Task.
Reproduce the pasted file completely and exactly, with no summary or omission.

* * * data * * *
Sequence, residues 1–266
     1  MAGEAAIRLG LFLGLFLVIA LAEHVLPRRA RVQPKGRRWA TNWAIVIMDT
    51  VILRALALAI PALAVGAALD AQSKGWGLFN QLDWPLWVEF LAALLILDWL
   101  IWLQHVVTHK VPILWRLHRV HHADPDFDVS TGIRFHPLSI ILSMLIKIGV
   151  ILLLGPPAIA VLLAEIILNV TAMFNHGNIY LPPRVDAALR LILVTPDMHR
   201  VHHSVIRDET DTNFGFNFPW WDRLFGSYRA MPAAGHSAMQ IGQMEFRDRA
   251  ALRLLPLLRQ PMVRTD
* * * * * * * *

Sequence, residues 1–266
     1  MAGEAAIRLG LFLGLFLVIA LAEHVLPRRA RVQPKGRRWA TNWAIVIMDT
    51  VILRALALAI PALAVGAALD AQSKGWGLFN QLDWPLWVEF LAALLILDWL
   101  IWLQHVVTHK VPILWRLHRV HHADPDFDVS TGIRFHPLSI ILSMLIKIGV
   151  ILLLGPPAIA VLLAEIILNV TAMFNHGNIY LPPRVDAALR LILVTPDMHR
   201  VHHSVIRDET DTNFGFNFPW WDRLFGSYRA MPAAGHSAMQ IGQMEFRDRA
   251  ALRLLPLLRQ PMVRTD